Source: JatLand: List of Mahabharata people and places
Purana book cover
context information

The Purana (पुराण, purāṇas) refers to Sanskrit literature preserving ancient India’s vast cultural history, including historical legends, religious ceremonies, various arts and sciences. The eighteen mahapuranas total over 400,000 shlokas (metrical couplets) and date to at least several centuries BCE.

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In Buddhism

Theravada (major branch of Buddhism)

A mountain near Himava. In a previous birth, Gosala Thera saw there a rag robe hanging, to which he paid homage (v.l. Udaka and Udangana). ThagA.i.79; Ap.ii.434.

Source: Pali Kanon: Pali Proper Names
context information

Theravāda is a major branch of Buddhism having the the Pali canon (tipitaka) as their canonical literature, which includes the vinaya-pitaka (monastic rules), the sutta-pitaka (Buddhist sermons) and the abhidhamma-pitaka (philosophy and psychology).

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Languages of India and abroad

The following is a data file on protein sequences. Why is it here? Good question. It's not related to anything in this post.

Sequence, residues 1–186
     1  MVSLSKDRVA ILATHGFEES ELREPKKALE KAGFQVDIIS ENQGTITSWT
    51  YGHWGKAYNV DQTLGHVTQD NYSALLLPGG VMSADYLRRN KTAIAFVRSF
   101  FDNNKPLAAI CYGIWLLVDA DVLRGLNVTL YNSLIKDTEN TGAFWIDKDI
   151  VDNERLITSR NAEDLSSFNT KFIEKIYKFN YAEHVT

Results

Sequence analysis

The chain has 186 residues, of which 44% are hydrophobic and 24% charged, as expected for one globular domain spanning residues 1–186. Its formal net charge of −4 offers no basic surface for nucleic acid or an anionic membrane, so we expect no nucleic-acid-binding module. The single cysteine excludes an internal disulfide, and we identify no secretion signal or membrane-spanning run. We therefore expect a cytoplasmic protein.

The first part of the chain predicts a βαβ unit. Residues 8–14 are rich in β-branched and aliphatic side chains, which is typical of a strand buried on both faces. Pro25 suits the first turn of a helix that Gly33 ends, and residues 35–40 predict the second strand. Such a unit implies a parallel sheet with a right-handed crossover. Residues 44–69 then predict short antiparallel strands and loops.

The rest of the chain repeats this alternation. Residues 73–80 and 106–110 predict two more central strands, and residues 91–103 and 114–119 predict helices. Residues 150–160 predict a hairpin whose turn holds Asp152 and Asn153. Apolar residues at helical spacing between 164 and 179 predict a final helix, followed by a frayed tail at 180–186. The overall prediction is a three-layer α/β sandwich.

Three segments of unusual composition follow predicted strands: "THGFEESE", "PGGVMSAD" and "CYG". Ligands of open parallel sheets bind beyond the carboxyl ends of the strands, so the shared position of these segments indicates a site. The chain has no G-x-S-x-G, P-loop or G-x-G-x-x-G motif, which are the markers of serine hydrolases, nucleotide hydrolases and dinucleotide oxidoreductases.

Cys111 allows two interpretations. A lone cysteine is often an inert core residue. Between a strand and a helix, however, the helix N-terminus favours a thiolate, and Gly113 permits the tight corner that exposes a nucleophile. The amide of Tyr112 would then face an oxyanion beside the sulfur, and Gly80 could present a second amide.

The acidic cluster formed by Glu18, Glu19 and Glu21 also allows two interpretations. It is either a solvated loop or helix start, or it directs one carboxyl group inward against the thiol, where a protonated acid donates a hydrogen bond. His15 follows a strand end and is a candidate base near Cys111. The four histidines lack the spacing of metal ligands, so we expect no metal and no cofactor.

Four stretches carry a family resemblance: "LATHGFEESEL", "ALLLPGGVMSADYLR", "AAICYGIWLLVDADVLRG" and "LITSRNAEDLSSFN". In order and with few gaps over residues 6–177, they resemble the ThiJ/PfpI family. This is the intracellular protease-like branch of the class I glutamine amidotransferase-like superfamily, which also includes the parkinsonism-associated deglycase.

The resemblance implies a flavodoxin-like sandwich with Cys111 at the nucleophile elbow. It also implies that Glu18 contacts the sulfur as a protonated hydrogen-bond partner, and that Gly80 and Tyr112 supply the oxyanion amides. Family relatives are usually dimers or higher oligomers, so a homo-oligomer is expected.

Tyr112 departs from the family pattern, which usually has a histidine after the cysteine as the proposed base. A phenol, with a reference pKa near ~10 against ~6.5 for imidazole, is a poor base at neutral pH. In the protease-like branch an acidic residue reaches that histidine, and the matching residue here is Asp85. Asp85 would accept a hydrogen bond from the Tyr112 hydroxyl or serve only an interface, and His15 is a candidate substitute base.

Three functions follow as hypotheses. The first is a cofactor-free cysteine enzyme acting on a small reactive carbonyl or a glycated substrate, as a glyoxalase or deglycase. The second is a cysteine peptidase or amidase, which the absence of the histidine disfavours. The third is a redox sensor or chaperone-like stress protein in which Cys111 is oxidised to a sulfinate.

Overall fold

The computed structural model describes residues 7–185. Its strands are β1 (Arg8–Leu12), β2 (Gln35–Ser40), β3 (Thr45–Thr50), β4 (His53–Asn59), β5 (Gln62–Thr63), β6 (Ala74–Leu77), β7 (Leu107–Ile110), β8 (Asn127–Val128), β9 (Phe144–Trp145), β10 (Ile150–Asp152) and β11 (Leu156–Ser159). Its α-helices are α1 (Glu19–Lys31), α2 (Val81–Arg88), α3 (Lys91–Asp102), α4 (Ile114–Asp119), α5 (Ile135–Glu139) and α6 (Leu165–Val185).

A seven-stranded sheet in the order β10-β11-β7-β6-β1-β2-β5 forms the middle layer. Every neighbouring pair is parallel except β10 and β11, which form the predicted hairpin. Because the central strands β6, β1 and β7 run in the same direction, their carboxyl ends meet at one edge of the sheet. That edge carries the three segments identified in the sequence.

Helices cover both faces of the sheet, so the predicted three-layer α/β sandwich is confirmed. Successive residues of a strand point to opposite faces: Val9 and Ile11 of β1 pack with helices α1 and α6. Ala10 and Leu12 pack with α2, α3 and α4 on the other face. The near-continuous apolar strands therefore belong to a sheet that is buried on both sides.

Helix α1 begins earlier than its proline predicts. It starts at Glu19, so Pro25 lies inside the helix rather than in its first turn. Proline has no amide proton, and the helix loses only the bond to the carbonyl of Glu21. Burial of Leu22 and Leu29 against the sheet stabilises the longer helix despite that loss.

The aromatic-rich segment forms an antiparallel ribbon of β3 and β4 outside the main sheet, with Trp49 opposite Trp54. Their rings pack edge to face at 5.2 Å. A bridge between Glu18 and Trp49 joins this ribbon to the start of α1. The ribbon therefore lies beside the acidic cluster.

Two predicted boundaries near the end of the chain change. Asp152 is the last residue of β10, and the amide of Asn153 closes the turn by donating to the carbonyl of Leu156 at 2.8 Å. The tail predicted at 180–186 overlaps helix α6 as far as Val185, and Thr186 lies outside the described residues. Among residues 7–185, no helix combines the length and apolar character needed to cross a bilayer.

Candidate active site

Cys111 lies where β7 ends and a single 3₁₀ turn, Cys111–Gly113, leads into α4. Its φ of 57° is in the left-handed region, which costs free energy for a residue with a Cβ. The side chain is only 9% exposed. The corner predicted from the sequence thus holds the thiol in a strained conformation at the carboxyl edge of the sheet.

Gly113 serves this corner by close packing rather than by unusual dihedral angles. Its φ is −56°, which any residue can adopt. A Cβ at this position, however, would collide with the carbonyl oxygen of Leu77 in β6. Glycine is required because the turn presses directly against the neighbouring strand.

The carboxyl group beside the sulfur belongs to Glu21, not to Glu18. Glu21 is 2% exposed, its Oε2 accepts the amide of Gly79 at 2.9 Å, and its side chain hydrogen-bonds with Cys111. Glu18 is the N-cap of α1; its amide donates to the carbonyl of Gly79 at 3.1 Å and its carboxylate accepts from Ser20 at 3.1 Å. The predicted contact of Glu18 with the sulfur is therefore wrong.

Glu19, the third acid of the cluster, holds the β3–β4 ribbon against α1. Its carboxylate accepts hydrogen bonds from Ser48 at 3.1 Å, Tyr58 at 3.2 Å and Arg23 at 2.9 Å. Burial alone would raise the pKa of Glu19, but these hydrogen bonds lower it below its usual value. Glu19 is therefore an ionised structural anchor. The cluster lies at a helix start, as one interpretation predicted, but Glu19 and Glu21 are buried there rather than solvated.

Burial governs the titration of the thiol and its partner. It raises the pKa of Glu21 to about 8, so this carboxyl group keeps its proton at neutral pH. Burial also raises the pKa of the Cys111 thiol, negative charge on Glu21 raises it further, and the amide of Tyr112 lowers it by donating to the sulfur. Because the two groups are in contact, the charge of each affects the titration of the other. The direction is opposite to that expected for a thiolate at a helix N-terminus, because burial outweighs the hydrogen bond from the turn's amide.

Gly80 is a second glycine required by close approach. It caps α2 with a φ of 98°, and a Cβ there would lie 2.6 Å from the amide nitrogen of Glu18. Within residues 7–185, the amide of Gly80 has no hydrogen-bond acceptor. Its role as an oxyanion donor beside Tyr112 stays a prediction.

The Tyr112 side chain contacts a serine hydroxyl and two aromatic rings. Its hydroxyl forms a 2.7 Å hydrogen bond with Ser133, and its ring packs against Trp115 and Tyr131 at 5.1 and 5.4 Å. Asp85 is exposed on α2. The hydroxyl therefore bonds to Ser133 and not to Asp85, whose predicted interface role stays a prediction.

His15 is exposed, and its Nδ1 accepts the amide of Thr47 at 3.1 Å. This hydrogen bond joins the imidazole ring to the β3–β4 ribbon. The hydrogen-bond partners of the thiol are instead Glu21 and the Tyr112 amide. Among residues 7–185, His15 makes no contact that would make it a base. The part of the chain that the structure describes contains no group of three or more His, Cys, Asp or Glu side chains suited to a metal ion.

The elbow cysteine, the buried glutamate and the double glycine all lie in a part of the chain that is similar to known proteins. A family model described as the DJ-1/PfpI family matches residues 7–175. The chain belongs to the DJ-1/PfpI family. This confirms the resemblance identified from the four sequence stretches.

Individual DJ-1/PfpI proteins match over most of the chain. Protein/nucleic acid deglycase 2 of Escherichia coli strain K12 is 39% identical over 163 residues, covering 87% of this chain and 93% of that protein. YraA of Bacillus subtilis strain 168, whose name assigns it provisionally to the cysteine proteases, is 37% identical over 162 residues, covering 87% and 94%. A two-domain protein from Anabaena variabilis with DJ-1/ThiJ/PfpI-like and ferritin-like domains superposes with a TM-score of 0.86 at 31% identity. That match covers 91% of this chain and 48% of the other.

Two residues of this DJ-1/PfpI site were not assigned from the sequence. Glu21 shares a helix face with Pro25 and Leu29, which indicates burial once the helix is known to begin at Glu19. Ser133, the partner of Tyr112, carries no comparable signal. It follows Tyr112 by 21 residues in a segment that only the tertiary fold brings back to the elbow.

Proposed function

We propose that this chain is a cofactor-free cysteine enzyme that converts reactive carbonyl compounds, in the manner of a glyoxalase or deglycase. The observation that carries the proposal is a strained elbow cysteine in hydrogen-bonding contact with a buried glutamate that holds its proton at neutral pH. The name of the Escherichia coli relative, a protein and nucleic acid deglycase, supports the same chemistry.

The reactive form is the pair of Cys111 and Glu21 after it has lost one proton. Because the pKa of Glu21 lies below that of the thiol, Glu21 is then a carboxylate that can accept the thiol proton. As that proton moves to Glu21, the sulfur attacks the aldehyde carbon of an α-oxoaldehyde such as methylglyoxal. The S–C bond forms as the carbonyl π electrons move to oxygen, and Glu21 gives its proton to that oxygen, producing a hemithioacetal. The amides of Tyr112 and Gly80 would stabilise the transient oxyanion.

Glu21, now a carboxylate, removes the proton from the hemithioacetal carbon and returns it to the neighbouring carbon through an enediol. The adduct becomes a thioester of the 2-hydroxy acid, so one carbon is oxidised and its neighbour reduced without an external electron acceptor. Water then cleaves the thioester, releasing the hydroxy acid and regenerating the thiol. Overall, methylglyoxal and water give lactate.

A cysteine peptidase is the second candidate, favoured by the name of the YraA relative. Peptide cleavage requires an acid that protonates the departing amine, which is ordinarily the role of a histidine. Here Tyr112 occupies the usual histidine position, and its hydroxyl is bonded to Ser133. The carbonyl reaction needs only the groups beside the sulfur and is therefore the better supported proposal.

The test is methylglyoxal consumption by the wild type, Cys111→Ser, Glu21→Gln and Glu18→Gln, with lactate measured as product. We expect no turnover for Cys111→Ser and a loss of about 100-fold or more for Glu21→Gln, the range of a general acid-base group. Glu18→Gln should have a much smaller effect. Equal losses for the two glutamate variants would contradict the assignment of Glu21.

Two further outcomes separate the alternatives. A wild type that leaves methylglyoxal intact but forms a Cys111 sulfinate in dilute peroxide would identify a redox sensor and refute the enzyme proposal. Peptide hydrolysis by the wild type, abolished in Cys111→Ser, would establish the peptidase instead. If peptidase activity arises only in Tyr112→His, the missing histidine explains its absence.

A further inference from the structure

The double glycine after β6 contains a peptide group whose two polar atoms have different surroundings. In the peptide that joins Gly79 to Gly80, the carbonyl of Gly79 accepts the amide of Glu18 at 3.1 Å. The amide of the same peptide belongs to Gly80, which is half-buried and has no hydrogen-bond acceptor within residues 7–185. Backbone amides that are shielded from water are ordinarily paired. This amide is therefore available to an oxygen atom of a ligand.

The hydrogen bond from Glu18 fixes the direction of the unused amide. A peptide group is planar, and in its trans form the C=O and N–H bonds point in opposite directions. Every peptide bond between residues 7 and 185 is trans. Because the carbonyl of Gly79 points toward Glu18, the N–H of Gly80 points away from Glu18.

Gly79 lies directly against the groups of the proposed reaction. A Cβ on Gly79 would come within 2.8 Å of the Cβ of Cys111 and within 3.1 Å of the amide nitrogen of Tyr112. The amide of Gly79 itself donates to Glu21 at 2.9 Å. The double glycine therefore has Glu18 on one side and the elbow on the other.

Pali-English dictionary

Uraga in Pali glossary... « previous · [U] · next »

uraga : (m.) a snake; a creeping animal.

Source: BuddhaSasana: Concise Pali-English Dictionary
Pali book cover
context information

Pali is the language of the Tipiṭaka, which is the sacred canon of Theravāda Buddhism and contains much of the Buddha’s speech. Closeley related to Sanskrit, both languages are used interchangeably between religions.

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Marathi-English dictionary

uraga (उरग).—m S (That goes upon the breast.) A snake or serpent.

Source: DDSA: The Molesworth Marathi and English Dictionary

uraga (उरग).—m A snake, a serpent.

Source: DDSA: The Aryabhusan school dictionary, Marathi-English
context information

Marathi is an Indo-European language having over 70 million native speakers people in (predominantly) Maharashtra India. Marathi, like many other Indo-Aryan languages, evolved from early forms of Prakrit, which itself is a subset of Sanskrit, one of the most ancient languages of the world.

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Sanskrit-English dictionary

Uraga (उरग).—m.

(-gaḥ) A snake. E. uras the breast, and ga who goes, from gam to go, affix ḍa; also uraṅga and uraṅgama.